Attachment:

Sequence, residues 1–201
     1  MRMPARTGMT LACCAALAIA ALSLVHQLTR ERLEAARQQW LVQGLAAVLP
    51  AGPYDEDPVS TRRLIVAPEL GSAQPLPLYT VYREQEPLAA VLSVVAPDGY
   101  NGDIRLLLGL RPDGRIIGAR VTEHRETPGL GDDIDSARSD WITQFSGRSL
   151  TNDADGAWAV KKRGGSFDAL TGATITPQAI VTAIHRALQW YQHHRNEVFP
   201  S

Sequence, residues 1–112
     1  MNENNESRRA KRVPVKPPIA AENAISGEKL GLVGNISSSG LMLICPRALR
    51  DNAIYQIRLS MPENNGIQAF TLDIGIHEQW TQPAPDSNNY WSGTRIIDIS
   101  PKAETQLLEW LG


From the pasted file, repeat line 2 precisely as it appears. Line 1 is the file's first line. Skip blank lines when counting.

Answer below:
     1  MRMPARTGMT LACCAALAIA ALSLVHQLTR ERLEAARQQW LVQGLAAVLP